That should be a decent starting point….I think. I got your name and website off of a knife forum. Said you were a knowledgeable guy that was a great help, so I thought I would pull your ear for info.

Thanks in advance,

M



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 Post subject: Re: Santoku or Nakiri for my wife
PostPosted: Mon Jan 06, 2014 9:48 pm 
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Joined: Thu Apr 19, 2012 7:18 pm
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Location: Madison Wisconsin
Hi Mike,

Take a look at the Masakage Mizu nakiri. It's in your price range and is hand made. The steel is excellent and I think your wife will enjoy it: http://www.chefknivestogo.com/mamina16.html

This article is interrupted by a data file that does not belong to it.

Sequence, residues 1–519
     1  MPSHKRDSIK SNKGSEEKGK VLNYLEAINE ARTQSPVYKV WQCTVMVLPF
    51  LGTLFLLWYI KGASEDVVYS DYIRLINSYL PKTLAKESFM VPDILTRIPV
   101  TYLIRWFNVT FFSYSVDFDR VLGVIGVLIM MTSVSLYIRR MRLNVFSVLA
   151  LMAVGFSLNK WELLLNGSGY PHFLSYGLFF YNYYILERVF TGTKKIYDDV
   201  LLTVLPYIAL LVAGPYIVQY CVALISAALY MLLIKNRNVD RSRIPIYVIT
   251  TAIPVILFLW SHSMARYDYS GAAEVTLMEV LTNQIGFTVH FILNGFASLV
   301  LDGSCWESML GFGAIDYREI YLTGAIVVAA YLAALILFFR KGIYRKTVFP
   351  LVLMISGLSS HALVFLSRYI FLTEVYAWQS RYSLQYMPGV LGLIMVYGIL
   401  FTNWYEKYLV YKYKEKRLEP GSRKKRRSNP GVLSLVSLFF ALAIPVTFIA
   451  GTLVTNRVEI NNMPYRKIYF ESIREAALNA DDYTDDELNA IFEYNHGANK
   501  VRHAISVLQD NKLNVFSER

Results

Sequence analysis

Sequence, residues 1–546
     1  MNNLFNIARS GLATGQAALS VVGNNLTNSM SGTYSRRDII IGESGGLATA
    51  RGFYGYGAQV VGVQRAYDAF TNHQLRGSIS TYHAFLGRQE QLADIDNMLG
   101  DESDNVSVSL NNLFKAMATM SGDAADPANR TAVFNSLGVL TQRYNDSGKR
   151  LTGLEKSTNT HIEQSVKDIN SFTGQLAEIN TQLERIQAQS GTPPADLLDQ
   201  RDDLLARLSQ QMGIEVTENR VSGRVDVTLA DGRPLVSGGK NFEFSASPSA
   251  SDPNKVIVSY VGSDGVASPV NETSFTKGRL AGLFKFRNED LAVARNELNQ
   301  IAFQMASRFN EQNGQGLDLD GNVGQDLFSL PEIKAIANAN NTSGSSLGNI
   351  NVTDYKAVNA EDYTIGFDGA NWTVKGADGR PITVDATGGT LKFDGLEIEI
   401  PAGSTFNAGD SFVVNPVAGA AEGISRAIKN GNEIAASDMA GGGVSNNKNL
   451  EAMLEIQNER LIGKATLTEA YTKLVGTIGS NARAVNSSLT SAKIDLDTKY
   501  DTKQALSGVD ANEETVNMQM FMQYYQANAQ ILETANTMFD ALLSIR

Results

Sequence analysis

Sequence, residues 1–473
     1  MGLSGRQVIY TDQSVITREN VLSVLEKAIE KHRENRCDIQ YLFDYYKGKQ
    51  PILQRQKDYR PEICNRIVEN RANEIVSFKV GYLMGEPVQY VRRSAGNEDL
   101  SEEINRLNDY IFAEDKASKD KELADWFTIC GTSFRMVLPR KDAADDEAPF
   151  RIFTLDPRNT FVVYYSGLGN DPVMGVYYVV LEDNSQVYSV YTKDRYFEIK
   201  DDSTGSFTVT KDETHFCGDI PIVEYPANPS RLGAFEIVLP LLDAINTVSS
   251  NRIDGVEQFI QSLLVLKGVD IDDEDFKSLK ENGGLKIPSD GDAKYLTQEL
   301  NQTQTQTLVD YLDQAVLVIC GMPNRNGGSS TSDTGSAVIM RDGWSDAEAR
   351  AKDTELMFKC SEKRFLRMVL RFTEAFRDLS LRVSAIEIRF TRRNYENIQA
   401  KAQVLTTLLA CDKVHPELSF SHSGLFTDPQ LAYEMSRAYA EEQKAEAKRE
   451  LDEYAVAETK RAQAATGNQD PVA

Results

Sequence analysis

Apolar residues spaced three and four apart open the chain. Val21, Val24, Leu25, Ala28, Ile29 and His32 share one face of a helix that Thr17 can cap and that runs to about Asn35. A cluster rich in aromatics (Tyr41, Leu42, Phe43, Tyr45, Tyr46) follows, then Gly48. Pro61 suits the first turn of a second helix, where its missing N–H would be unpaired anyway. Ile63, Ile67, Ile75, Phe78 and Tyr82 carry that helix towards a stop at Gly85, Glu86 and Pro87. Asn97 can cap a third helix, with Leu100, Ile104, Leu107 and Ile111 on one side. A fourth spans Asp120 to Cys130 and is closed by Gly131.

The other one that is really nice is the Shigefusa. I love this knife: http://www.chefknivestogo.com/shigefusa.html



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 Post subject: Re: Santoku or Nakiri for my wife
PostPosted: Mon Jan 06, 2014 10:11 pm 
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Joined: Thu Nov 22, 2012 4:17 am
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Something cool in a good stainless, Sakai Takayuki Damascus: http://www.chefknivestogo.com/satadana160.html



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 Post subject: Re: Santoku or Nakiri for my wife
PostPosted: Mon Jan 06, 2014 10:53 pm 

Joined: Thu May 24, 2012 6:20 am
Posts: 2301
I own these two gyutos: the Anryu Hammered, http://www.chefknivestogo.com/kaanasgy24.html; and the Goko, http://www.chefknivestogo.com/gokogyuto240mm.html. These are some of the most characterful, high performing knives I have at the moment. There are nakiris and santokus in both lineups, though some are out of stock.